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The convoy of 18 wheelers racing along the road were nestled between armored humvees. Painted across the black metallic doors in bold font colored a steel blue was the name Hawkwood. Gunners stood half emerged from their steel-plated watching ahead with vigilant eyes tightly gripped the handles of their mounted .50 cals. UAVs hovered silently overhead stalking the ground below for any pray that might scurry into its panoramic field of vision. They drove west towards the receding night sky. The red and orange hues of dawn reflected brightly in rear view mirror.  The lonely two-lane road was surrounded by dense forests. Every now and again they passed a boarded-up building. Usually, a gas station or a rest stop derelict buildings that had been abandoned long ago. Token reminders of a sprawling, interconnected civilization that had been carved and dismembered.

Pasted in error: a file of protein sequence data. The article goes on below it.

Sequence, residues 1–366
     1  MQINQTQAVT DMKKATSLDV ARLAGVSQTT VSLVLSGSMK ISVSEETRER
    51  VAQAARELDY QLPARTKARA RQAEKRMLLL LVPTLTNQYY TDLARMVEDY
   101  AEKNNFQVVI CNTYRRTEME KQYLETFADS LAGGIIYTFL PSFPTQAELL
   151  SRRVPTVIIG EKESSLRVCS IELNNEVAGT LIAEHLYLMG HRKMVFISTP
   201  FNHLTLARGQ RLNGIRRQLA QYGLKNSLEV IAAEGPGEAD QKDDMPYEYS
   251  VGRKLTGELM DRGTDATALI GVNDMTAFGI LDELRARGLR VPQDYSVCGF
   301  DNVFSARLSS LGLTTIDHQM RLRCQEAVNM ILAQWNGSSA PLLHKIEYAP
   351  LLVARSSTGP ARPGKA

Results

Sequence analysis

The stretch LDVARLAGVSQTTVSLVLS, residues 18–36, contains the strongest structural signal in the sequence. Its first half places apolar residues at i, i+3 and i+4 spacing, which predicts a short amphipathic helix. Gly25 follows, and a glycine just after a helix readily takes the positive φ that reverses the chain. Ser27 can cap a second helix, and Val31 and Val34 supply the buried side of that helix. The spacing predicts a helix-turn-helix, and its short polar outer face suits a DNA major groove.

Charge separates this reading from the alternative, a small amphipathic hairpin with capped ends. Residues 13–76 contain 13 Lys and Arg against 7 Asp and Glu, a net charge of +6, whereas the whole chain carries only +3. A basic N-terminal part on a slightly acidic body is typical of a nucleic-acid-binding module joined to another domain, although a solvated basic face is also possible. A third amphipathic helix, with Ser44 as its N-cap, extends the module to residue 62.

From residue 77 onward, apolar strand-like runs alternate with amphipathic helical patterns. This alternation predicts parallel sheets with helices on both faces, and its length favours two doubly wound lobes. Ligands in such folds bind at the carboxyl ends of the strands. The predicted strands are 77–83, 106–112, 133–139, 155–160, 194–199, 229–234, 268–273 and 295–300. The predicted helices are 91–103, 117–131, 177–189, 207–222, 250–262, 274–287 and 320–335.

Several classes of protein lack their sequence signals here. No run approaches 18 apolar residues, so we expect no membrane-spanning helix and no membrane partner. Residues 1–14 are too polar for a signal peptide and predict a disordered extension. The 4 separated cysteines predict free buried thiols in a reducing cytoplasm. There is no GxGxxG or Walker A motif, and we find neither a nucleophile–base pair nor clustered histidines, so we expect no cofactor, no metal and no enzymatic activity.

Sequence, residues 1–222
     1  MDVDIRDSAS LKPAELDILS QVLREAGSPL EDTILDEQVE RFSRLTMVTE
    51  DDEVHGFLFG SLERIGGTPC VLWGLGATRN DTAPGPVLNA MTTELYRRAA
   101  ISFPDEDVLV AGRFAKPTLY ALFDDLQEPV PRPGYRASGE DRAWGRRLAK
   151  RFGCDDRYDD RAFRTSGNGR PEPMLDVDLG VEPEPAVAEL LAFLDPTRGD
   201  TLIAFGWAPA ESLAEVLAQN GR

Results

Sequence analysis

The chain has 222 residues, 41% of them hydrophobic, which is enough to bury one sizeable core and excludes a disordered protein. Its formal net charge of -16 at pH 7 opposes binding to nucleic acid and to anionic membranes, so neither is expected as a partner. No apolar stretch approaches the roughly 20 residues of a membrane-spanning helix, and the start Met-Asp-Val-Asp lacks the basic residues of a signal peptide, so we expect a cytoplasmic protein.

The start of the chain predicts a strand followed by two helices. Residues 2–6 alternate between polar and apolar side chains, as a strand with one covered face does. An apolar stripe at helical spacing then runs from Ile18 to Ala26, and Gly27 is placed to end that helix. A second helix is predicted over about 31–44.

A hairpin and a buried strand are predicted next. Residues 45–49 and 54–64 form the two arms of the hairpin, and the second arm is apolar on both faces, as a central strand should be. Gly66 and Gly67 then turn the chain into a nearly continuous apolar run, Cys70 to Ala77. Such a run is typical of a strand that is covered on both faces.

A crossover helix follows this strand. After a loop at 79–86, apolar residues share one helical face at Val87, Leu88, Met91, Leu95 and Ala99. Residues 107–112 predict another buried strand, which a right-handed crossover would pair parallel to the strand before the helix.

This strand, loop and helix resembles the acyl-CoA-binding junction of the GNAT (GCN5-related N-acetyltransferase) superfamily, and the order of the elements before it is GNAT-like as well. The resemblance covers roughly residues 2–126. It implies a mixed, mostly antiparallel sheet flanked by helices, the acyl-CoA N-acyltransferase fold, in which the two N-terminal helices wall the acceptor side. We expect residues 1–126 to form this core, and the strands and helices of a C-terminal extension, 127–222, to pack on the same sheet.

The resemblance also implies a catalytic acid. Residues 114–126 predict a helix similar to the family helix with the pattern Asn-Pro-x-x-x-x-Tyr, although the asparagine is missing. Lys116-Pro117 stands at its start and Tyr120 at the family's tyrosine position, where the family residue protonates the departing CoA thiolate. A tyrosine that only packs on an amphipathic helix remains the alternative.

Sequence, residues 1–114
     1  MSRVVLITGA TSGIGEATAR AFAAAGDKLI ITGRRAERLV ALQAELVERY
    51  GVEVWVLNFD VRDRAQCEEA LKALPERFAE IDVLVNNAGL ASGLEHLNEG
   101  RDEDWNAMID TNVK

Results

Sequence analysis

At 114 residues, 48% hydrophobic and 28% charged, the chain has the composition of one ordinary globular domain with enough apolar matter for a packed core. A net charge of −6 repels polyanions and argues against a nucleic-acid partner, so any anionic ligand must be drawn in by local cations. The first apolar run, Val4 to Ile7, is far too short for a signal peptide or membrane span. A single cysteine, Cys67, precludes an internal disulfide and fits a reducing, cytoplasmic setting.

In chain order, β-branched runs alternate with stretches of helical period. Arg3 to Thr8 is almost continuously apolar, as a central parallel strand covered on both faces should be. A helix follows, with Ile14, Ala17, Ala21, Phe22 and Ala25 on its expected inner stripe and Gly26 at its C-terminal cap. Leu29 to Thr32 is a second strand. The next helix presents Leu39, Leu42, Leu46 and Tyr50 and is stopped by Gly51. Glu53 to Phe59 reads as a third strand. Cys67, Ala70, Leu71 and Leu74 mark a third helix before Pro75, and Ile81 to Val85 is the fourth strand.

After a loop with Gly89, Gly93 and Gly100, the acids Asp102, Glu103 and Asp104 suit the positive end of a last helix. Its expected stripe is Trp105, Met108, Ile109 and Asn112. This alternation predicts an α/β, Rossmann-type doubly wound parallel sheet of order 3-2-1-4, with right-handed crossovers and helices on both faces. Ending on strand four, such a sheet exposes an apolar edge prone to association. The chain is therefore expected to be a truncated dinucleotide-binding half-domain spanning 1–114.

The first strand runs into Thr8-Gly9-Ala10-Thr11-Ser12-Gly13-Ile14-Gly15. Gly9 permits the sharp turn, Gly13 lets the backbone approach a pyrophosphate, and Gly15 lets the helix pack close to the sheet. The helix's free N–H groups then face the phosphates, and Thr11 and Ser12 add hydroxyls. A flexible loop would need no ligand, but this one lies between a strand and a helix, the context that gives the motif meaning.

LT Col Levinson formerly of the marines was the commanding officer of the convoy. He spent his extensive military career on the receding boundaries of a crumbling empire. He’d retired from the military to pursue a career with Hawkwood. It was similar work, with more than three times the pay, and with the added perk of being closer to home.
His eyes were covered by a translucent visor attached to his helmet where he could view, in real time the flow of intelligence being fed into the battlenet either through radio chatter, electronic messaging or through the electric eyes of the drones scouting ahead.